China’s support for US dollar can no longer be relied upon

When things cannot go on forever, they stop. And so it is with China’s support of the US dollar. Foreigners sold more than $500bn of US government bonds during the second quarter, and perhaps one-third of that was unloaded by Chinese entities. The trend is worth watching.

Ever since 2001, when China was allowed unfettered entry into the World Trade Organization, the country has played a huge behind-the-scenes role in pushing up the value of the US currency and suppressing US bond yields.

In barely two decades, China’s share of the $140tn pool of global liquidity — defined as total savings plus credit — leapt from about 6 per cent to well over 25 per cent. China invoices goods in US dollars, invests in US dollars and provides timely countercyclical boosts of fiscal and monetary policy for its dollar-hungry economy.

Flows from China were most obvious in 2015-16, when an anti-corruption drive from President Xi — forcing capital out of the country — resulted in a spike in the dollar and a collapse in Treasury yields.

But it goes well beyond this. We estimate that the bulk of the near-30 per cent rise in the US currency since the mid-2000s and about three-quarters of the drop in US bond yields can be attributed to China effects.

These gains are fragile, though. Looking ahead, they could quickly reverse, with the US dollar losing a quarter of its value and long-dated US Treasury yields again testing 2 per cent, almost triple current levels. In that event, European markets could gain what America loses.

If China is going to maximise its potential over the long run, it needs to get off the dollar hook and become a major exporter of its own currency. But the country’s key problem is that its domestic financial markets are too under-developed to intermediate cross-border capital flows. Foreigners still have limited access to China’s bonds; there is no sizeable renminbi-based trade credit market for the nation’s banks; and the currency itself is not widely traded outside China.

What is more, China’s domestic institutions are reluctant to take on foreign exchange risk, given their predominantly renminbi-denominated liabilities. This forces the Chinese government to collectively manage international reserves through the State Administration of Foreign Exchange, which now holds at least $1tn of politically-sensitive US Treasuries.

Yet, faced by the West’s latest threats of economic containment and a potentially long struggle over trade, capital and technology, China has the power to disrupt markets.

Even a partial switch away from the US dollar should help the euro, the number-two world currency. Bear in mind that a newly assertive European Central Bank is prepared to match the US Federal Reserve in balance sheet expansion through its pandemic relief programme. In that context, a clear catalyst to pull these disillusioned Chinese assets toward Europe could be the EU’s plans to issue €750bn of so-called eurobonds.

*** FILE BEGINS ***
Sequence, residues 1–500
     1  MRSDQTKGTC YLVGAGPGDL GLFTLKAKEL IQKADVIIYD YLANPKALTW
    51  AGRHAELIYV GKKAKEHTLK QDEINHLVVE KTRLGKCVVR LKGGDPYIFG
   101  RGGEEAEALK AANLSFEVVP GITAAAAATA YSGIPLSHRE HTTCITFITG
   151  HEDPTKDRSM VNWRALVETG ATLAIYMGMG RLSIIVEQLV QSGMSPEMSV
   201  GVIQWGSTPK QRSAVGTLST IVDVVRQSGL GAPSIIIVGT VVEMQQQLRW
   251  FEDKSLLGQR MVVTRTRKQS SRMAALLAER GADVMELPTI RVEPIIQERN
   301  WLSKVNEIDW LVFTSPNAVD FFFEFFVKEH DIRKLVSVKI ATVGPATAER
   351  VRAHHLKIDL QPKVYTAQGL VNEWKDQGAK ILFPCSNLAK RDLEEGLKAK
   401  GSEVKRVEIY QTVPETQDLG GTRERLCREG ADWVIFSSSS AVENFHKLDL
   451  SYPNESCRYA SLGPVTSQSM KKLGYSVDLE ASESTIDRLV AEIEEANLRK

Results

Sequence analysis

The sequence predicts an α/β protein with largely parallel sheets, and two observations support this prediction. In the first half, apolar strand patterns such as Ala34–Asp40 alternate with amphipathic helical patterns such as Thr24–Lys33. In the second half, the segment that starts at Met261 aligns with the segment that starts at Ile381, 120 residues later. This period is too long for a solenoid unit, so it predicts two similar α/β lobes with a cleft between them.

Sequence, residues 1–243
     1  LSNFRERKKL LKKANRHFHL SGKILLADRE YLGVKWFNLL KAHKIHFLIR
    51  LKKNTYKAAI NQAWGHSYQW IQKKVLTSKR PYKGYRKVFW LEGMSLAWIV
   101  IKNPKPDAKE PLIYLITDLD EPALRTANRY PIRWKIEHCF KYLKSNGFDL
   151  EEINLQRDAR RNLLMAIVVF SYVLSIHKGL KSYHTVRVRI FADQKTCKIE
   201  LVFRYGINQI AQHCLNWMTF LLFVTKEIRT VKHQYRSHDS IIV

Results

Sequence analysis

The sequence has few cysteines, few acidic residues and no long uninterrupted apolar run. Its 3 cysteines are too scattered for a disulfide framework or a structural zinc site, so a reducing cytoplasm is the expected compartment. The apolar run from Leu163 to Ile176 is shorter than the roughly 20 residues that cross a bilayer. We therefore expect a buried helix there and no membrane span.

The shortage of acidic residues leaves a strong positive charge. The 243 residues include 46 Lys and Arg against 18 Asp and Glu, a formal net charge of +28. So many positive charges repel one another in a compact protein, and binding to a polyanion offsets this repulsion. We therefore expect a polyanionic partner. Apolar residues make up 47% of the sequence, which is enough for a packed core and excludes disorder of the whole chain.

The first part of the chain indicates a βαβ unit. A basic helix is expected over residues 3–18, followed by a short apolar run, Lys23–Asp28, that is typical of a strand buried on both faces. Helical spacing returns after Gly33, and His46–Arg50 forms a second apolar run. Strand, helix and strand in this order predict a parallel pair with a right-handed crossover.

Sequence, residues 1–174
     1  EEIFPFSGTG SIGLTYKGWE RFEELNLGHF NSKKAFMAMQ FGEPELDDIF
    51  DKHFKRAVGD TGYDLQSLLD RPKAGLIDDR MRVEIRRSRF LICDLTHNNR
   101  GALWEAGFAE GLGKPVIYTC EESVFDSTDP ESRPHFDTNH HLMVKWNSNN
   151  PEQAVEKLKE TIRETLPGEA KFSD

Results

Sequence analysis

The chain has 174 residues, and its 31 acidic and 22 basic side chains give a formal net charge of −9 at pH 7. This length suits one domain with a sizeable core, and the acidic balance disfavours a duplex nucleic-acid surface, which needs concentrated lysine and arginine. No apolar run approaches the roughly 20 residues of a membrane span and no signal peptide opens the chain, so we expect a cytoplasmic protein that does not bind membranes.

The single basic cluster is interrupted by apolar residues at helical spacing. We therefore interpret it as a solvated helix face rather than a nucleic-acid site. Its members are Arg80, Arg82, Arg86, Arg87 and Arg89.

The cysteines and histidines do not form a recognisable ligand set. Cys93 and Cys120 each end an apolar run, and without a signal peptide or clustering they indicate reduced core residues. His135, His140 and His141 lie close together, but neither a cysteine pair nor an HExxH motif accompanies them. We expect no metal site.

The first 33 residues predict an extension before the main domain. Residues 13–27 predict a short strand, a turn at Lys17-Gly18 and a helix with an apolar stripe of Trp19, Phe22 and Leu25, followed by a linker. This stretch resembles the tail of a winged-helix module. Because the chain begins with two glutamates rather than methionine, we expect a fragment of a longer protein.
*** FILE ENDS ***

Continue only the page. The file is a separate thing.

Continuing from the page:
On top of that, France could be set to boost its fiscal spending by 25 per cent of GDP through tax cuts and state aid, while Germany is looking at an increase of about 45 per cent, financed by bond sales. In other words, US Treasuries are no longer the only safe assets in town.

Safe assets are vital to the health of the financial system. Despite a major push by regulators to force financial institutions to hold more prudent portfolios after the 2008-09 financial crisis, the supply of such assets in the years since then has increased by a meagre 38 per cent, by our reckoning.

Much of that supply has been gobbled up by central banks to facilitate their own QE policies, leaving the private sector bereft. Europe has been particularly starved. Ratings downgrades following the 2010 banking crisis and lower government debt issuance, significantly reduced new supply.

The result was that Europe’s available stock of triple A rated debt securities halved from around 40 per cent of eurozone GDP in 2008 to barely 20 per cent last year.

Not surprisingly, many eurozone bonds fell to negative yields, while fast-moving cross-border capital eagerly sought out American alternatives. We estimate that since the 08-09 crisis, the US debt markets satisfied global safe-asset demands totalling nearly 50 per cent of US GDP.

But markets follow money. The coming flood of ECB liquidity and eurozone safe assets, alongside the pressing need for China to diversify, could cause a radical change in capital flows.

If we are correct that China and the eurozone team up, then investors should knuckle down for a weaker US dollar, a stronger than expected eurozone recovery and further gains in the stock market.

The writer is chief executive of CrossBorder Capital and author of the new book, Capital Wars: The Rise of Global Liquidity

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